Recent air quality alerts in the Bulkley Vally – including Burns Lake and Houston – are likely to return if cold snaps persist and wind remains minimal.
On Feb. 11 and 12 Environment Canada issued an advisory for Burns Lake, Houston, Smithers and Vanderhoof that people with chronic medical conditions should avoid exercising outside.
The advisory also cautioned against using wood stoves in “the Districts of Smithers, Houston, and Vanderhoof unless the woodstove is the only source of heat in a dwelling.”
“The possibility of having an air pollution episode won’t go away until the cold air goes away,” environmental science professor Peter Jackson at UNBC in Prince George told Lakes District News.
“There’s inversion and it acts like a lid that traps air and prevents mixing. So there’s nowhere for the air pollution to go,” Jackson explained.
High concentrations of fine particulate matter in the air were the source of the poor air quality.
Non-experts might think that such an alert might be understandable in Prince George because of its pulp mill, or in large cities like Vancouver or Toronto with of their heavy vehicular traffic and industry. But in remote, rural Burns Lake and Houston?
“It’s mostly from combustion. In a place like Burns Lake it could be a sawmill and a lot of it could be woodstove use. It makes smoke and that’s a big problem in small, rural areas,” Jackson said.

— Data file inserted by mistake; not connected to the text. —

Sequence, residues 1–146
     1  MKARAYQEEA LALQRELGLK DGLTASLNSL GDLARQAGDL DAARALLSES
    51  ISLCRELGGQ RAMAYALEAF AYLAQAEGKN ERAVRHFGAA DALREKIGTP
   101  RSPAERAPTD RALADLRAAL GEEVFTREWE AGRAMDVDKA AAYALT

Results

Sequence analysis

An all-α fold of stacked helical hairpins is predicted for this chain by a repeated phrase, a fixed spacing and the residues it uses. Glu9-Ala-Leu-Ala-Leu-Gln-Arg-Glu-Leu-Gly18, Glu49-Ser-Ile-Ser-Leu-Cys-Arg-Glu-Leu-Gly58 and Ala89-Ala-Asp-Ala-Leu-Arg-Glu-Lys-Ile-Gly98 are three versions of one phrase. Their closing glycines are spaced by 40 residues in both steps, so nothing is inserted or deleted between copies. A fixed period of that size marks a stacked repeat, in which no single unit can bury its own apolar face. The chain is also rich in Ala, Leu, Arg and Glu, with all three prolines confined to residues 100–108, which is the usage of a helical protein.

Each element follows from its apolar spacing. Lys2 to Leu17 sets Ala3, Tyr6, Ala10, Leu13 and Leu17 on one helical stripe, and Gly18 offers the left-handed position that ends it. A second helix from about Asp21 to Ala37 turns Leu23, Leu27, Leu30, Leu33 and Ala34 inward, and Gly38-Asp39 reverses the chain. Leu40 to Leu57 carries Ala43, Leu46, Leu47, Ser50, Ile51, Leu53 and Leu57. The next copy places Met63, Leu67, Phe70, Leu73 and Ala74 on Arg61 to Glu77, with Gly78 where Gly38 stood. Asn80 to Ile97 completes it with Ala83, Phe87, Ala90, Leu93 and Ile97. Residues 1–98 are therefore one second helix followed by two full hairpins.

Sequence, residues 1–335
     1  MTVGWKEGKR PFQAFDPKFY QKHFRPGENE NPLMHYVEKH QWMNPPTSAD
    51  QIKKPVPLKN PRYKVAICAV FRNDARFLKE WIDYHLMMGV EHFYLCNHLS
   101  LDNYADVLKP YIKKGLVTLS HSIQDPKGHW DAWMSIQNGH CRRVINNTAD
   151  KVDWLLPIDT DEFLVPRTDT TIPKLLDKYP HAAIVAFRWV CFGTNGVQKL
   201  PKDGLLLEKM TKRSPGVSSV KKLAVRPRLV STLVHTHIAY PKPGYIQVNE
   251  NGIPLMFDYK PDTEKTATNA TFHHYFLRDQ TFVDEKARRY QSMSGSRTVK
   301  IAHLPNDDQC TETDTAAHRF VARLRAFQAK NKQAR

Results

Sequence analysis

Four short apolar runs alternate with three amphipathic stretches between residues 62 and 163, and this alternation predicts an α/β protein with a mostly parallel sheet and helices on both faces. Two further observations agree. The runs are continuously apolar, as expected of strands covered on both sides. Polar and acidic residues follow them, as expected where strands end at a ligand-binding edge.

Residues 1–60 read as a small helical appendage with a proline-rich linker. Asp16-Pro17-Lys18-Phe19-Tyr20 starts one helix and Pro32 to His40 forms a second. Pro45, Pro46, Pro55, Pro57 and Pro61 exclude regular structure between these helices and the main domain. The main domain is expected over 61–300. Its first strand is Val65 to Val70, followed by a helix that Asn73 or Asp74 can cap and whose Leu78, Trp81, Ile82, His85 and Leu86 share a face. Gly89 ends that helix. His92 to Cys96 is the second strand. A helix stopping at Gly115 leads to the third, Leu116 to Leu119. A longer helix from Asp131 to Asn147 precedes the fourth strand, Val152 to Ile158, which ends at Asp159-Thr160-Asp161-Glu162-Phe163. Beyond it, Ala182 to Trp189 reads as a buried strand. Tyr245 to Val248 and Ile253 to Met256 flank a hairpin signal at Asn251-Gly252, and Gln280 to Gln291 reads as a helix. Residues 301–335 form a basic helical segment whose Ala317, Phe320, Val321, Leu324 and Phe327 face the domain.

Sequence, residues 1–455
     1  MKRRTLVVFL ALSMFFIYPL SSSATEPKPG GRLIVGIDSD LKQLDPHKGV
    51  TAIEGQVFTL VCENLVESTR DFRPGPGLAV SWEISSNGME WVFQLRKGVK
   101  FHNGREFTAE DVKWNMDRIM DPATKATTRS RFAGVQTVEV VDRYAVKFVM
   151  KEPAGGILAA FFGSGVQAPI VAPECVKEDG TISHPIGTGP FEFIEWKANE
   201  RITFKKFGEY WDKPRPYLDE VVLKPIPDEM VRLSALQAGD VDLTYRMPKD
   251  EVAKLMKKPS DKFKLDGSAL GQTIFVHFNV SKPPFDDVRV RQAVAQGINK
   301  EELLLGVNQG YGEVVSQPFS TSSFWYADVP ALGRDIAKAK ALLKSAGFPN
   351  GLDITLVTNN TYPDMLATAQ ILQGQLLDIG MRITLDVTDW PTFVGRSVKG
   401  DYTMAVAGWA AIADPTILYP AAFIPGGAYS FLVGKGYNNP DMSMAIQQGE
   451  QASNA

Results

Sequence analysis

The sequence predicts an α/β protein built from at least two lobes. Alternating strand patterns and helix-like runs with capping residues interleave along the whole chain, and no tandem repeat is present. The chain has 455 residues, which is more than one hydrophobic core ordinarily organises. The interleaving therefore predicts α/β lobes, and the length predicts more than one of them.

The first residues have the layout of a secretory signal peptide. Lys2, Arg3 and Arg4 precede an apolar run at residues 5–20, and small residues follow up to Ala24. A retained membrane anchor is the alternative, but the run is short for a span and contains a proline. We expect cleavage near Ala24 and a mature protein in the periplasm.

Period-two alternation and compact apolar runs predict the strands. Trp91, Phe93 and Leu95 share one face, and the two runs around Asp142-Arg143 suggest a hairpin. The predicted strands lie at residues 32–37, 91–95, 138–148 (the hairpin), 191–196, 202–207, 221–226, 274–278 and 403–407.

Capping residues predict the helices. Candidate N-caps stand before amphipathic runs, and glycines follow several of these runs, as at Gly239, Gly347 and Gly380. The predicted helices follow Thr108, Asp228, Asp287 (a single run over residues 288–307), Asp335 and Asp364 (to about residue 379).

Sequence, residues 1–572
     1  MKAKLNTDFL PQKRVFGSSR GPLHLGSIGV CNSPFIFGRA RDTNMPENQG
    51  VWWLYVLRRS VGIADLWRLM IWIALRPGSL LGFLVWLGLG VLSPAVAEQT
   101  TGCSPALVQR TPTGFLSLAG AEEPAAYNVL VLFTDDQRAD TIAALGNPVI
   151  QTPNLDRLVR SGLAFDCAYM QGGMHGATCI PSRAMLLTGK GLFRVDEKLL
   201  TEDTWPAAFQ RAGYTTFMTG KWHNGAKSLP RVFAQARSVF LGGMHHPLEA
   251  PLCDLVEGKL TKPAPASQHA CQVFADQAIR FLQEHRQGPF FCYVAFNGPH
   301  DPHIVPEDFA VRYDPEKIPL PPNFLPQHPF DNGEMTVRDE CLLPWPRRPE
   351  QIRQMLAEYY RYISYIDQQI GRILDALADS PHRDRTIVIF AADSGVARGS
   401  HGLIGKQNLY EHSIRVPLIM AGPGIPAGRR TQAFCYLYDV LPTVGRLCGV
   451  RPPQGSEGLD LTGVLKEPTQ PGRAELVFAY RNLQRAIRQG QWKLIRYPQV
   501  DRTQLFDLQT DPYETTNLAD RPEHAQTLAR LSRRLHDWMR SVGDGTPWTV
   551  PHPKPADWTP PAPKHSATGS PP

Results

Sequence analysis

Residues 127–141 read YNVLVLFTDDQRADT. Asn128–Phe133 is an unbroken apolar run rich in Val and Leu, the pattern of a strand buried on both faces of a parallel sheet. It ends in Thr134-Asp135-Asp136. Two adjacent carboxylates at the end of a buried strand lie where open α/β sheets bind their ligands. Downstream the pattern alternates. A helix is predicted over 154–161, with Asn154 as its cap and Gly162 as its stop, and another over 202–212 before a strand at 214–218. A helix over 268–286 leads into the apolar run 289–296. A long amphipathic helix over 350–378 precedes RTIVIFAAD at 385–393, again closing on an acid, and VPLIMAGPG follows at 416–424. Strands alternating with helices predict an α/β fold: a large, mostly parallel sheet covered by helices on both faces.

“We’ve done work on Burns Lake and Telkwa and Houston and we’ve done mobile monitoring and Burns Lake has a woodstove issue as do most small towns,” he added.
“It gets worse in valleys. Valemount is in a valley and there is no industry there at all. It’s all from wood smoke.”
The conditions lead to a build up in the atmosphere of PM2.5 – particulate matter that has a diameter of less than 2.5 micrometers and which stays in the air longer because of its small size and light weight. Such small particles can more easily penetrate into the lungs and even into the bloodstream.
The air quality will probably remain the same until the weather changes, said Ben Weinstein, an air quality meteorologist with the provincial Ministry of Environment & Climate Change.
“I expect these conditions to persist for a few days. What we need is high winds or snowfall – those things mix in clean air.”
However, residents of the region aren’t at the total mercy of the weather and can take some steps to help make the air cleaner, mainly by using natural gas to heat their homes instead of woodstoves, if possible.
“If you are burning wood use seasoned wood or dried wood so it’s not moist because it’ll make less smoke. Burn it hot so that it doesn’t smoke too much,” Jackson said.
“If you have…an older woodstove, the new ones that are EPA-certified or CSA-certified are better. The old ones can emit up to the 10 times more particles. Some cities have a woodstove exchange program to help cover the cost of exchanging old woodstoves. The ministry of the environment works with vendors on those.”